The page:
The calming tunes of Silent Night, a Christmas carol sung by a choir from the Holy Trinity Church of Powai, attracted a large crowd on a busy road in the Hiranandani Complex on Monday evening.
With Christmas drawing closer, some choirs are lining up on roads to spread joy. The Holy Trinity Church choir did it with a twist. They sang their favorite carols while holding solar powered lamps.
“This Christmas, we want to motivate more people to move to solar lights and celebrate an environment-friendly festive season,” said Elsie Gabriel, founder of the Young Environmentalists Programme Trust that organised the program and provided the lamps.
Given the bustle of city life, choirs singing Christmas carols on streets and outside houses are becoming rare. Save for events organised by the Young Environmentalists and residents of St Anthony’s Road in Bandra, carol singing is largely limited to the midnight mass on Christmas Eve. For Ramon Ibrahim, 43, being a part of the Christmas celebrations at Carols 2010 on St Anthony Road, Bandra on Saturday brought nostalgia of the many Christmases he spent in London while growing up.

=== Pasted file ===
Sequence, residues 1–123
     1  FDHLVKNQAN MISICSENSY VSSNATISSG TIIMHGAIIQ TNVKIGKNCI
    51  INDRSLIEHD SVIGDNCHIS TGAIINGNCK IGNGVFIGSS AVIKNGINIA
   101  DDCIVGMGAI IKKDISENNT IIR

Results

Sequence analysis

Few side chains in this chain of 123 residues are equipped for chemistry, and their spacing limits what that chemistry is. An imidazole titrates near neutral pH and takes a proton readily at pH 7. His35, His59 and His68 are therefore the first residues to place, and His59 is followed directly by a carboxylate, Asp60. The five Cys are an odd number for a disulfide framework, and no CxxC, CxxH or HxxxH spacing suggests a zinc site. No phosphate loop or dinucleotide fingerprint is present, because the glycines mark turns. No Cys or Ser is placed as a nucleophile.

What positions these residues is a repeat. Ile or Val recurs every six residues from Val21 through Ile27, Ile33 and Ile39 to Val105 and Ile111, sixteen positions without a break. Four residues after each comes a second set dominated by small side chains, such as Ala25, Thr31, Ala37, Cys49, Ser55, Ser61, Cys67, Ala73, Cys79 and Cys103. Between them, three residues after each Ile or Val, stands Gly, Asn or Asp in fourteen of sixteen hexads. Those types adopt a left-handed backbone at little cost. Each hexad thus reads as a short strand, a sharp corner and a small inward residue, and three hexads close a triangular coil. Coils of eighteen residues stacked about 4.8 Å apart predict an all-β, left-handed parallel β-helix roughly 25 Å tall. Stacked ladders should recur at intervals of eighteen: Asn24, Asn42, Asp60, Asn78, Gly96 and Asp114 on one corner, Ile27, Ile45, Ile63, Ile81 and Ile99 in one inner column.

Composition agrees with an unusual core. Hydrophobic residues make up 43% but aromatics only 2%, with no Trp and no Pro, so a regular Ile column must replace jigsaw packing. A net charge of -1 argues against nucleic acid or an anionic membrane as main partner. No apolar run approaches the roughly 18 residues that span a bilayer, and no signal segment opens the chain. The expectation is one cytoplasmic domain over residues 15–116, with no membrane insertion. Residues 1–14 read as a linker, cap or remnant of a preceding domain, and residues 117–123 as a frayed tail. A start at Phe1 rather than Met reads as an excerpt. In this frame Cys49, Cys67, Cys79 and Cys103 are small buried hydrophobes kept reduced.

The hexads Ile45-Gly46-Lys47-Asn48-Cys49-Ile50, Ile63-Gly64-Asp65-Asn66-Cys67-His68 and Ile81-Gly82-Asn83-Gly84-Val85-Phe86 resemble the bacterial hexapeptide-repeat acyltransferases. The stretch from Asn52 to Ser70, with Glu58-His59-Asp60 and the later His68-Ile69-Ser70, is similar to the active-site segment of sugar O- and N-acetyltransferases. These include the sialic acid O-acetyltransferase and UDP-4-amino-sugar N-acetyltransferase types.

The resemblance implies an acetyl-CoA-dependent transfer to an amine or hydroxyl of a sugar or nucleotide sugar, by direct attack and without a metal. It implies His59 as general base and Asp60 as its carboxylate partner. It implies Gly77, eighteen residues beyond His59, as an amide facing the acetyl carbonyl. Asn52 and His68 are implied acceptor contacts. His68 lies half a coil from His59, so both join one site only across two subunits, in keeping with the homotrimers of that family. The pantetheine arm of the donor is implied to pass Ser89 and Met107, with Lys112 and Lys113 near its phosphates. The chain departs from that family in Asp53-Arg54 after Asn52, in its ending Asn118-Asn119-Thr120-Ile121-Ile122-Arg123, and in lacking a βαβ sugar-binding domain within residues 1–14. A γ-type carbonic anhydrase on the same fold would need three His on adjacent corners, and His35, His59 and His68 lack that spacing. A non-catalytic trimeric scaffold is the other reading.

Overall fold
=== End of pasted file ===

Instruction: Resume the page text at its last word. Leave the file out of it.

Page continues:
Ibrahim was one of the many musicians who participated in carol singing at the annual street Christmas party celebrated by Bandra residents on the road, to keep the spirit of Christmas alive. “I was really missing the Christmas atmosphere of London where carols are sung on street corners and being a part of Carols 2010 made me feel at home,” said Ibrahim, who moved to the city in August.
The tradition of Carols started ten Christmases ago, when the St Anthony road was shut for repairs and residents decided to make most of it by singing carols on the road one Saturday evening.
Since then, every year people of all ages and religions join hands on the last Saturday before Christmas and listen to amateurs and professionals sing melodious carols.